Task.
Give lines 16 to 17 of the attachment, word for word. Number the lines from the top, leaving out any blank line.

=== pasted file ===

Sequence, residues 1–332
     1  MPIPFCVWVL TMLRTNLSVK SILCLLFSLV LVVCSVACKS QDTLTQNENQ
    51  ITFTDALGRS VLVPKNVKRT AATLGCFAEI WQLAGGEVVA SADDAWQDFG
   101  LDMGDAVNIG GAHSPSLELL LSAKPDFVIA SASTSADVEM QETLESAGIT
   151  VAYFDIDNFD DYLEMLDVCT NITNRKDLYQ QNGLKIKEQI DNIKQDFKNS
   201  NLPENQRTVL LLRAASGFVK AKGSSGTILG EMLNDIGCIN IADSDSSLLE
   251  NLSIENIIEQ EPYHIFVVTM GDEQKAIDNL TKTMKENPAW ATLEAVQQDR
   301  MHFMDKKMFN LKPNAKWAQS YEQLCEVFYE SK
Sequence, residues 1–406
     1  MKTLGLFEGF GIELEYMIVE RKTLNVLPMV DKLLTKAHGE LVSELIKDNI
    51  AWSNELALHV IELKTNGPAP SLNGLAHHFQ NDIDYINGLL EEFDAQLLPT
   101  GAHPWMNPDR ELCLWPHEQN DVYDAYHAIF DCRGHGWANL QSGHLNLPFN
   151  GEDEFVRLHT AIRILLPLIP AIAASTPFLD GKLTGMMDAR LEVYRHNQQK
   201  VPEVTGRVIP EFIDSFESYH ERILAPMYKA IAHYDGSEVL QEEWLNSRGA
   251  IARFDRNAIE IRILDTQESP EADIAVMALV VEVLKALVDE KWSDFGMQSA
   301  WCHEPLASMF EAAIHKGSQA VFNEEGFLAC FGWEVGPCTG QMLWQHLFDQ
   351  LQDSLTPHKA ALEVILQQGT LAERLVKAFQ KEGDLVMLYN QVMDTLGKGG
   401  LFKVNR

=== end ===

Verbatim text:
   301  WCHEPLASMF EAAIHKGSQA VFNEEGFLAC FGWEVGPCTG QMLWQHLFDQ
   351  LQDSLTPHKA ALEVILQQGT LAERLVKAFQ KEGDLVMLYN QVMDTLGKGG